These people all carried a mutation in their human growth hormone receptor gene, according to Guevara-Aguirre’s research. That genetic disruption blocks the body’s ability to use insulin-like growth factor, or IGF-1, a hormone created primarily in the liver. Growth hormone and IGF-1 work together to promote normal bone and tissue growth, so a deficit stunts growth.

People with Laron have IGF-1 in their tissues, where it can be called upon to help heal wounds and other body processes. However, unlike the rest of us, these folks have little of the hormone circulating in their bloodstream, where it wreaks havoc and contributes to aging.

Fortunately, the lack of circulating IGF-1 also blocks the uncontrolled growth of cancer cells and creates an extra sensitivity to insulin that protects against diabetes.

Laron syndrome is a recessive gene, so only those who receive a copy from each parent will be affected.

In 2005, Guevara-Aguirre reached out to Longo, who had been studying a similar mutation in yeast cells that extended their existence.

“In addition to yeast cells, worms, flies and mice with similar mutations all live extraordinarily long lives,” Longo said. “Mice with the same mutation we are studying in humans hold the record in longevity — they live 40% longer than mice without it, and 50% of those mice never develop any pathology. So they are living longer and healthier lives.”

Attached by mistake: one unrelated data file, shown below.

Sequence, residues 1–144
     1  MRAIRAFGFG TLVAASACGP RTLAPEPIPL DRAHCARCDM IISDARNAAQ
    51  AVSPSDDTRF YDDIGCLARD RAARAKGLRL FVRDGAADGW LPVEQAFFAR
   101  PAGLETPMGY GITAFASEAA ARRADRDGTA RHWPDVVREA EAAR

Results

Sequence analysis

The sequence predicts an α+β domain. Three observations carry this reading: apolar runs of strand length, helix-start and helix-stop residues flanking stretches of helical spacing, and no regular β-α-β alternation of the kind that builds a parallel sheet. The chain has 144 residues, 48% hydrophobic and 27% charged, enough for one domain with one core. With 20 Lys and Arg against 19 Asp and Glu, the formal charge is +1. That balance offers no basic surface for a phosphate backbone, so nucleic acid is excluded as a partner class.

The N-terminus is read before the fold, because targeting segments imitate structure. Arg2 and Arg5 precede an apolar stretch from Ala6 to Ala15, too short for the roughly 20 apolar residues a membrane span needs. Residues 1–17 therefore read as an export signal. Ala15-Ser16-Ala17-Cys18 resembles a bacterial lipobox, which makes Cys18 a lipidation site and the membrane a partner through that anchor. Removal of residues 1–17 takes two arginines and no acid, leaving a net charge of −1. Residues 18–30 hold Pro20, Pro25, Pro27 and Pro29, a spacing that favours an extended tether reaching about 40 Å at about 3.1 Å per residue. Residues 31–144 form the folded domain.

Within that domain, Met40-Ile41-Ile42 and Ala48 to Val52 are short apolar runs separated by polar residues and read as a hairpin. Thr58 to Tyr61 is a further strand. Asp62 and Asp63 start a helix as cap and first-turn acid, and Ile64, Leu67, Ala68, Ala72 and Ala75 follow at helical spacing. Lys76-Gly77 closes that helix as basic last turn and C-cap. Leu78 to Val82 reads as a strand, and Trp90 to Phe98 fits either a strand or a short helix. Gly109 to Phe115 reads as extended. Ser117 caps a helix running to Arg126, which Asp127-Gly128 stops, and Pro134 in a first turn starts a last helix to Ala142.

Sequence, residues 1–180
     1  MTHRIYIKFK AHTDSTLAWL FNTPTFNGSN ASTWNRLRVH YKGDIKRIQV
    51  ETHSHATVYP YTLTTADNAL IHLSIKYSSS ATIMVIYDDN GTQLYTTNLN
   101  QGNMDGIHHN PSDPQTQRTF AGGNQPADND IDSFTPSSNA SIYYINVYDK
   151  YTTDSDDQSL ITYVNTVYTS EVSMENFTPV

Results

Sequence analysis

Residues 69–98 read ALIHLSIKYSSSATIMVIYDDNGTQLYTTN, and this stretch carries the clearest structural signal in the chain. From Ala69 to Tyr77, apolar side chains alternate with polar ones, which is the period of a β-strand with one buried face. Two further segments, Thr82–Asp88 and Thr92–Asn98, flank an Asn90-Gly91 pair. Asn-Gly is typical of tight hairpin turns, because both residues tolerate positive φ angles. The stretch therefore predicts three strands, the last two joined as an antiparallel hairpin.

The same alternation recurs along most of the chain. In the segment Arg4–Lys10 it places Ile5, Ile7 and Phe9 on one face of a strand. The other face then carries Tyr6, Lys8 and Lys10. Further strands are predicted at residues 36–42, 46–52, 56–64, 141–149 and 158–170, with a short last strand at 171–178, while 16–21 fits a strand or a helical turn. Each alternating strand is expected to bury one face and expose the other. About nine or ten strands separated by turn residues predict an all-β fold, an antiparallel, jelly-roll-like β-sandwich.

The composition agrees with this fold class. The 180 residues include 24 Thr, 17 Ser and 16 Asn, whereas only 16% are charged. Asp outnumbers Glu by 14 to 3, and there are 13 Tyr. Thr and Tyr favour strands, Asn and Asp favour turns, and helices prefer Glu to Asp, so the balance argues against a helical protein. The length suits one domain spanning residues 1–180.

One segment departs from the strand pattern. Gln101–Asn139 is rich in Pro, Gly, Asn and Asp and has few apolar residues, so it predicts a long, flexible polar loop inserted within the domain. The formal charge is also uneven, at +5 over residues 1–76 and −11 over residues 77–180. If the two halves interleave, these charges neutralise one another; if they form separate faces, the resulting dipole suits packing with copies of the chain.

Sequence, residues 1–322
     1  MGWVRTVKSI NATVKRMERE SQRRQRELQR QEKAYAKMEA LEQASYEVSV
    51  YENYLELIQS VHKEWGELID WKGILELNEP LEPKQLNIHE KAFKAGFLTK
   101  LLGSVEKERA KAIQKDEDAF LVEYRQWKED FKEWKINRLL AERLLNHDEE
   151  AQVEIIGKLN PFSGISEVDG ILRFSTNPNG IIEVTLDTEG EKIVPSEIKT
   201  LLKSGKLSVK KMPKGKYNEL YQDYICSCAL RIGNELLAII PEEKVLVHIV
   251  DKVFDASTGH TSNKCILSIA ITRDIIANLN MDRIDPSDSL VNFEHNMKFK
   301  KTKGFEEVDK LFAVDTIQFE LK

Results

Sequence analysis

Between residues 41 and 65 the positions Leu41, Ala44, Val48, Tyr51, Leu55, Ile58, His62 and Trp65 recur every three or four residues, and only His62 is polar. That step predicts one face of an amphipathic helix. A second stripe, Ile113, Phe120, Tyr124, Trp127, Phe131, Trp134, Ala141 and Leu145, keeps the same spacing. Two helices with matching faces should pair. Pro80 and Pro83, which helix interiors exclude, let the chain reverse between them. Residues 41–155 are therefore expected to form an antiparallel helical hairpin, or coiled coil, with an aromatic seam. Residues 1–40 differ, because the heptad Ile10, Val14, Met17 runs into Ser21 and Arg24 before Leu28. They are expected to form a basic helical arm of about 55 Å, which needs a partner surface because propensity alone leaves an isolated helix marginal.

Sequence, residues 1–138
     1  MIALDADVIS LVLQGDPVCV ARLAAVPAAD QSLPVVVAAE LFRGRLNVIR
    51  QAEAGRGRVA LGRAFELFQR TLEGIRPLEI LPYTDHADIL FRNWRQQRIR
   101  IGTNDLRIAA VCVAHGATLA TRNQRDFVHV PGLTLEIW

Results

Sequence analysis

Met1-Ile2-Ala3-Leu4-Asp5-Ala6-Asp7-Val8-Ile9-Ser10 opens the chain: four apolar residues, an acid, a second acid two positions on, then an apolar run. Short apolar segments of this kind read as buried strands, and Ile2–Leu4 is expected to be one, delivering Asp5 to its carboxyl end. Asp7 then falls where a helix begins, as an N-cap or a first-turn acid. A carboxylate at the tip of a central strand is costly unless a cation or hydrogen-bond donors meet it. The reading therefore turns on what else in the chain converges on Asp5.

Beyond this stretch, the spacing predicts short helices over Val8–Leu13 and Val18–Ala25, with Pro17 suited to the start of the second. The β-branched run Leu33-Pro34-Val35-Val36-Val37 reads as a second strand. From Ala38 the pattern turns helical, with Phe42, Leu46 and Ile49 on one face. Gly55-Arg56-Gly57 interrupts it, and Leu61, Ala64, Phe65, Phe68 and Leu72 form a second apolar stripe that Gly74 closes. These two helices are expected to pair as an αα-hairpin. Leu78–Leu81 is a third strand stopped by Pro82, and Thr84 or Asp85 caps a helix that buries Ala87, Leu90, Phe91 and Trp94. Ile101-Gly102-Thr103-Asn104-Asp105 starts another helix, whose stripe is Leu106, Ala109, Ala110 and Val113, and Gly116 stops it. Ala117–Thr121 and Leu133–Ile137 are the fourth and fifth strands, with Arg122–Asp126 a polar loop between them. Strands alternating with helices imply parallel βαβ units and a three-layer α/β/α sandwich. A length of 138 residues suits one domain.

The two began to collaborate, hoping they might identify a drug that could potentially be used to lower circulating IGF-1 in the general population and provide antiaging and disease-preventive benefits, Longo said.

“The idea would be for people who have high circulating IGF-1 levels to get drugs that lower the IGF-1 back to the range that seems to be associated with the lowest mortality rate, much like people take a drug for high cholesterol,” Longo said.

A Western diet packed with protein and sugar also increases circulating levels of IGF-1, thus hastening aging, Longo said.

“There are IGF-1 lowering diets, such as fasting for five days a month, which is called a fasting-mimicking diet,” he said. “We have published studies which found circulating IGF-1 levels remained depressed for a while after doing this.”

Guevara-Aguirre and Longo are also looking for funding to provide IGF-1-boosting injections to children in Ecuador born with Laron syndrome. Given during childhood to encourage height, the drugs could then be stopped to allow the mutation’s genetic protection against disease to take over.

“So far, the (Ecuadorian) government and pharmaceutical companies will not pay for it,” Longo said. “We are having to do it more slowly with diet, and we have had a bit of success.”

There are health risks connected to Laron syndrome as well. The condition leads to extreme obesity, a trigger for diabetes, heart disease, cancer and other diseases. In addition, many of the people Longo studies “never exercise” and often drink, smoke and reside in disadvantaged communities without adequate health care, he said.